Every week, Student Press Law Center attorneys answer a frequently asked question about student media law in “Ask SPLC.” Q: Can my access to meetings be limited due to COVID-19? A: If you normally would have access to the meetings (and they continue to occur), you have a right to be present. In other words, COVID-19 cannot… Continue reading Can my access to meetings be limited due to COVID-19?
Every week, Student Press Law Center attorneys answer a frequently asked question about student media law in “Ask SPLC.” Q: Does the student government at my public school have to abide by my state’s open meetings laws? A: Maybe. Open meetings laws vary by state, and most courts haven’t specifically ruled on whether state open meetings laws… Continue reading Do open meetings laws apply to public school student governments?
Q: Are student journalists allowed to claim reporter’s privilege to protect the identity of their sources? A: State reporter’s privilege laws allow journalists to withhold confidential newsgathering materials from the parties in a criminal investigation or a civil lawsuit. In most states, the shield applies to anyone who regularly gathers and distributes news to the public… Continue reading Can student journalists claim reporter’s privilege?
Q: Is there an age limit for requesting public records under an open records law? A: Currently, Louisiana is the only state that requires a requester be the “age of majority,” which in Louisiana is currently 18. Likewise, there is no age requirement to request federal records under the federal Freedom of Information Act. Every… Continue reading Is there an age limit for requesting public records?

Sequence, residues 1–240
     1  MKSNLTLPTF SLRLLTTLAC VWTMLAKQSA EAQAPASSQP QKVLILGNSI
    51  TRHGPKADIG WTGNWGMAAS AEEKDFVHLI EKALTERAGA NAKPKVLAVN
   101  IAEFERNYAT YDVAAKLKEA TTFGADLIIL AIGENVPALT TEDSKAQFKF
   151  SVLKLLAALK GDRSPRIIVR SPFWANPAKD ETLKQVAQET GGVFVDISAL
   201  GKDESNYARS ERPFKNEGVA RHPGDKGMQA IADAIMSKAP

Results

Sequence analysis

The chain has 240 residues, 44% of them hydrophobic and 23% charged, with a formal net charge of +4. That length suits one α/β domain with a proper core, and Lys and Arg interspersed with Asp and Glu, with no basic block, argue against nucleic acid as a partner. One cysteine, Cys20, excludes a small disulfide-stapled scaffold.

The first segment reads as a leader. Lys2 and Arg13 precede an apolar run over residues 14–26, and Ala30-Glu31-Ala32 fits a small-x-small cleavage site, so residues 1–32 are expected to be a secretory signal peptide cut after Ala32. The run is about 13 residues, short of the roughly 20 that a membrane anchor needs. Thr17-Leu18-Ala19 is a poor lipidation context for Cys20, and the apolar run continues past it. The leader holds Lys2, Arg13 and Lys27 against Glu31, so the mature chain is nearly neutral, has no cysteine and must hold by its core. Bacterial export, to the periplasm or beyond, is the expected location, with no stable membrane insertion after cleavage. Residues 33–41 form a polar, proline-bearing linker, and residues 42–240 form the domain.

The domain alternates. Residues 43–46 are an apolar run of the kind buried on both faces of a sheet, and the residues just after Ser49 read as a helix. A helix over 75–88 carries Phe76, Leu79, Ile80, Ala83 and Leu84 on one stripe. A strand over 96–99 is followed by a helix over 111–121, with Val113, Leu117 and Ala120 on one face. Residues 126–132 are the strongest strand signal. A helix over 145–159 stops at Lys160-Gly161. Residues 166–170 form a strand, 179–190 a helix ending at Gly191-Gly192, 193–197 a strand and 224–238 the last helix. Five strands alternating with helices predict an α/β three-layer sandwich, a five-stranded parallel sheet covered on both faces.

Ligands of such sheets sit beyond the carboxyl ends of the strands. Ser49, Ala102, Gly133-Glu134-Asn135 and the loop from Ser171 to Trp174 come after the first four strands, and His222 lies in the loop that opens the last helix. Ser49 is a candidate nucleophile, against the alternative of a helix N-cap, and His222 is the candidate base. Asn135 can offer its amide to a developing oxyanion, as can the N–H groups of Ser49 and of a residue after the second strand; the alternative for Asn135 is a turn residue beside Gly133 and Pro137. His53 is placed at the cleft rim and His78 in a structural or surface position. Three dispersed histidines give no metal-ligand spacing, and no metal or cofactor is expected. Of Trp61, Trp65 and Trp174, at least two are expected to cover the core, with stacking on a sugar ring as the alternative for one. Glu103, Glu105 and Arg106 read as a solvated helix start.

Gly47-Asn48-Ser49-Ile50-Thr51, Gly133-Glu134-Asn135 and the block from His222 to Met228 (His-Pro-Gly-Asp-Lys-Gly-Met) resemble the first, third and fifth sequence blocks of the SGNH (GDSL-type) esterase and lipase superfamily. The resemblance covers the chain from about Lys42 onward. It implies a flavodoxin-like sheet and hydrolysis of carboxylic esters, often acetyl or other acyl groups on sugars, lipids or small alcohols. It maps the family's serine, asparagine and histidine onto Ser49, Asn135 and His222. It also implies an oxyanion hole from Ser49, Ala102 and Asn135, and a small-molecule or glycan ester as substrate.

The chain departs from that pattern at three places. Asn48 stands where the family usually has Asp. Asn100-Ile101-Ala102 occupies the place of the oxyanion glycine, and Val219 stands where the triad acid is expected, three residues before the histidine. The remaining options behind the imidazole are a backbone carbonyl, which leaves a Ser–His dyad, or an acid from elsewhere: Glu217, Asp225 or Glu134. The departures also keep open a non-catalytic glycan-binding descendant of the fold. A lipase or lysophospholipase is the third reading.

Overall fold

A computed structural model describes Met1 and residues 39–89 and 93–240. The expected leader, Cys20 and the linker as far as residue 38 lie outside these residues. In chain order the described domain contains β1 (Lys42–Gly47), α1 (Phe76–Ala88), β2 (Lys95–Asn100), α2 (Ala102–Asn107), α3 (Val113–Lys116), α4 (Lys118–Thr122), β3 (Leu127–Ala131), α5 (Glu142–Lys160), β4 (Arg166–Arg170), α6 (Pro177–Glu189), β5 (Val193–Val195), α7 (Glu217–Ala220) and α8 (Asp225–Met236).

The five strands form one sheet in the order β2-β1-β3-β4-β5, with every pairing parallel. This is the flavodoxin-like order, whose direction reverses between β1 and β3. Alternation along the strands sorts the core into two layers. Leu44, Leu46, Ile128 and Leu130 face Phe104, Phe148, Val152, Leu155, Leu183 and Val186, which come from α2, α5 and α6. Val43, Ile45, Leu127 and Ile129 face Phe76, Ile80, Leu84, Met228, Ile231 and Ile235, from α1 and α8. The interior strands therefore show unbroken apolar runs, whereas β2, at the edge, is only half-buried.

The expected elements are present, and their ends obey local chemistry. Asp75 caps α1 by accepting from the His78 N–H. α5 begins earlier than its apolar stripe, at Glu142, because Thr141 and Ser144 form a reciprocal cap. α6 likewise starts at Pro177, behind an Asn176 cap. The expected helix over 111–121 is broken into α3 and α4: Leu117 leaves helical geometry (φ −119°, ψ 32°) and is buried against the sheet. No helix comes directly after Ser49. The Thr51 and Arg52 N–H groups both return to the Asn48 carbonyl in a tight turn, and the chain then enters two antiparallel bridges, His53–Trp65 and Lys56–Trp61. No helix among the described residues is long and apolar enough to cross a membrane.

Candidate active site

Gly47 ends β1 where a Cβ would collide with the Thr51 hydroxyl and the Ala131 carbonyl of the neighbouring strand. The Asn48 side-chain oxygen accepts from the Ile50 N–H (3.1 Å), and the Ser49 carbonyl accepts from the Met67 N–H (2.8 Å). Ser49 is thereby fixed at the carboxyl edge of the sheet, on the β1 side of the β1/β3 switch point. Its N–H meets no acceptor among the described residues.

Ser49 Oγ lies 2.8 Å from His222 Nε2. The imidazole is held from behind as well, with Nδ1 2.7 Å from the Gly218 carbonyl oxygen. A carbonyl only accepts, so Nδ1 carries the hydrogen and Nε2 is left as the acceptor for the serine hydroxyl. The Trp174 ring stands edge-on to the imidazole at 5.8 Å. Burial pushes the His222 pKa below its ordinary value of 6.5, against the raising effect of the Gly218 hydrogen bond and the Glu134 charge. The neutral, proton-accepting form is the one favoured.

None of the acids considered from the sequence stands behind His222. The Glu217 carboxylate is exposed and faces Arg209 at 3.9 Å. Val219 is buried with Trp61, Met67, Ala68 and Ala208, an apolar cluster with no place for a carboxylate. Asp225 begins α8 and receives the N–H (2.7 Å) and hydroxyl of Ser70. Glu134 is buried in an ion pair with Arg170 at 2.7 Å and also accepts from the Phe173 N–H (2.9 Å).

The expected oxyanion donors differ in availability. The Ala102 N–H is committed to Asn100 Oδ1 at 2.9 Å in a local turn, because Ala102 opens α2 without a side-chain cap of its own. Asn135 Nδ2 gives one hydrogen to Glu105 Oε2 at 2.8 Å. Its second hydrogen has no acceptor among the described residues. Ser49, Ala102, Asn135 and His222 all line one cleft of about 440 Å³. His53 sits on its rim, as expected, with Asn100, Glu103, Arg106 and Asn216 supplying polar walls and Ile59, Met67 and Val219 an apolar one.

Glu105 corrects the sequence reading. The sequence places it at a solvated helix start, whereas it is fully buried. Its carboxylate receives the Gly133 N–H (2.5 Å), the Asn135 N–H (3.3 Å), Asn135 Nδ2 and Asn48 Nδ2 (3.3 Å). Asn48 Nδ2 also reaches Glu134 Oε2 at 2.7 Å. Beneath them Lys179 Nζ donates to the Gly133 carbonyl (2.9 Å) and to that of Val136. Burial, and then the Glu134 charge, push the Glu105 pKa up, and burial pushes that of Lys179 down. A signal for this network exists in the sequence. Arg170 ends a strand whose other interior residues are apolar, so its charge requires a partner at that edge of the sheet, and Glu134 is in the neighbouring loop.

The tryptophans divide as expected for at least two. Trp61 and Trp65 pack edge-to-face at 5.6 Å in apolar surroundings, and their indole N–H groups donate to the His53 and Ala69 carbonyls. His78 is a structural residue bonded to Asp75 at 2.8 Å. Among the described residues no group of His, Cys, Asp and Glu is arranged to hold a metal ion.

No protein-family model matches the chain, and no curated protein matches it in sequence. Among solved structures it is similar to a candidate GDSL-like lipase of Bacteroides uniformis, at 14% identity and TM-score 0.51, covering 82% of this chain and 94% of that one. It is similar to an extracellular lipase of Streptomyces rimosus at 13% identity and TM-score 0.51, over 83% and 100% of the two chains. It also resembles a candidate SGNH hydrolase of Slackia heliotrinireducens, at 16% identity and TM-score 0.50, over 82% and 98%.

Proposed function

If your student publication is funded fully or in part by student fees, you should have a plan in place in case of a budget cut. If the cuts come after critical coverage of the university or your student government, you may be able to claim the university or student government violated your First Amendment… Continue reading What to do when your student news outlet’s budget gets cut
Q: A professor recently committed suicide at my school. Rumors abound that he had been caught up in a financial scandal, but he’s obviously no longer around to interview. Is it possible to libel a dead person? A: No. While a person’s estate can continue to pursue a libel claim filed by a person before his… Continue reading Can you libel a dead person?
Q: Our school has a group of students on a “do not picture” list because parents did not approve photo releases. Does our publication have to cut out any photographs these students may appear in? A: Legally, the answer is probably no. The “do not picture list” applies to official publications of the school, and the… Continue reading Can we use photos of students on our school’s “do not picture” list?
Q: What is a “public forum for student expression?” A: A student publication is a public forum for student expression when school officials have given student editors the authority to make their own content decisions. This can be accomplished through an official policy or by simply allowing a publication to operate without interference from school officials.… Continue reading What is a “public forum for student expression?”
Q: Can the principal of my school suspend me for a social media post on my private account during non-school hours? A: Probably not, but there is reason to be cautious about this type of behavior. There was a time when the line between on- and off-campus activities was clear. And generally so was the law.… Continue reading Can I be suspended for a social media post?
Q: Are student government election results at a public high school public records? My school only announces who won and does not provide the actual vote tally. A: The answer will probably depend on the wording of your state’s open records law. In the only case we are aware of to date, the Virginia State Supreme Court declined to… Continue reading Are student government election results at a public high school public records?